The ultimate anachronism at the FCC, however, may well lie at the very core of its organic statute, the Communications Act of 1934.  As the final paper in this volume explains, the Act gives the FCC broad authority to act "in the public interest."  It applies this standard in setting the terms of entry and the parameters of competition, in devising subsidy programs, in setting technological standards and in evaluating and prescribing program content.  Perhaps most notoriously, the agency invokes its practically standardless public interest authority to approve or deny the license transfers that invariably take place in communications industry mergers.  By doing so, it is able to hold such mergers hostage to the imposition of supposedly "voluntary" conditions that, in many cases, it could or would never impose through a generic rulemaking.  Whether it is in the public interest for the FCC to have such unbridled discretion is, at best, highly debatable.

So, it turns out, is the question of whether such discretion any longer would pass muster under modern Constitutional jurisprudence relating to the delegation of authority by Congress.  There is a strong case to be made that the non-delegation doctrine prohibits such indeterminate delegations of authority as a violation of separation of powers.  From a policy perspective, moreover, such a broad delegation simply is not consistent with the new, less regulatory, more market-oriented approach we believe is required: even if the Commission were to constrain its regulatory impulses for a time, the very existence of such an unbridled grant of power would ensure that the threat (and the temptation) of regulation would always remain.  Congress, therefore, should not wait for the courts to find an opportunity to constrain the FCC's public interest authority; it should do so itself.

One final note on the substance of this volume and of our recommendations:  Despite the title -- Communications Deregulation and FCC Reform -- readers may note that there is no paper that specifically addresses some of the structural and management issues generally associated with FCC reform initiatives.  The omission is a conscious one.  While we clearly have views on how the Commission's structure might be improved, we believe that in this case it is crucial for form to follow function:  If the substantive changes recommended here are pursued, the structural implications will be obvious and should be easily implemented.  If substantive changes are not made, on the other hand, little will likely be achieved by purely structural reforms in the agency.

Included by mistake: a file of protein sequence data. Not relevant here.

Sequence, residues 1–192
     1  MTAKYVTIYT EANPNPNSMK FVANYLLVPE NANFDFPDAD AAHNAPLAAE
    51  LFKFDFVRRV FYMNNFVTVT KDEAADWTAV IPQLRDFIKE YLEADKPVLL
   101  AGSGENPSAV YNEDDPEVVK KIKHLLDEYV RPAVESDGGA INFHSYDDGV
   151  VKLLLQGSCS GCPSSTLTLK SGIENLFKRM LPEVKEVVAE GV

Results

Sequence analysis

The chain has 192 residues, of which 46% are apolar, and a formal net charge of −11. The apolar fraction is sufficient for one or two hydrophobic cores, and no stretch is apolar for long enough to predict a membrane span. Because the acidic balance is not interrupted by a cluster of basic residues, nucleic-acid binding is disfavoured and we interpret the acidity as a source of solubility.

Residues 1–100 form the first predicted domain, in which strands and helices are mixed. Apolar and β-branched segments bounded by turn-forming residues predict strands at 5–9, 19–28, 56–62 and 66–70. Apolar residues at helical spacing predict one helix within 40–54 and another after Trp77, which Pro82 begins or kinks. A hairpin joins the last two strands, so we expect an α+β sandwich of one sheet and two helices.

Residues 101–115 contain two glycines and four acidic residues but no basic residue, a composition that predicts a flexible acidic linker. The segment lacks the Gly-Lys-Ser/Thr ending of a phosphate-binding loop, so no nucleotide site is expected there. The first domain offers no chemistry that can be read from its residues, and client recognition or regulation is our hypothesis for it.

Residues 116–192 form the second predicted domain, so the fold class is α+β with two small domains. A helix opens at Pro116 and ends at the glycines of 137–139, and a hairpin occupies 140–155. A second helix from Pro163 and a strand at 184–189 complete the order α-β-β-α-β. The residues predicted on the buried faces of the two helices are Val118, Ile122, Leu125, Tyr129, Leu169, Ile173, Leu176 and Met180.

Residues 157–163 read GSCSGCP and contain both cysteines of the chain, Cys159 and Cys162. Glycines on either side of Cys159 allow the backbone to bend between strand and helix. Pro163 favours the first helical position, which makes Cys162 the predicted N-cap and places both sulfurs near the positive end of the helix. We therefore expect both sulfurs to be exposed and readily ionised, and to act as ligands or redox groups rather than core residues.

This said, we strongly concur with the conclusion of the Commission's draft strategic plan, that within five years communications markets will evidence "vigorous competition that will greatly reduce the need for direct regulation."  Unlike the plan, however, we suggest that such a finding should lead to a discussion about how to reduce the size and regulatory authority of the Commission, rather than spawning a search for new and creative missions such as the "market facilitator" role envisioned by the plan.  Competitive markets do not need government agencies with 2,000+ staffers to serve as market facilitators.

As we present this volume for debate and discussion, we wish to thank the authors for their hard work and for the excellence of the resulting contributions.  Thanks are due also for the suggestions and constructive criticism received from The Progress & Freedom Foundation's Communications Policy Advisory Board, which includes many of the nation's leading authorities on government regulation generally and communications regulation in particular.  At The Progress & Freedom Foundation, we want to express special thanks to Program Associate Katie Flint and Research Associate Ian Dillner, without both of whom this volume would not have been possible.  Many others helped in many ways, and we are grateful to all of them.
 
 
 
 

Washington, DC

December 2000

-------- Original Message --------
Subject: Re: FC: PFF book says technology reduces need for FCC regulation
Date: Mon, 18 Dec 2000 11:55:02 -0200
From: pedro rezende
To: declan@well.com

Declan,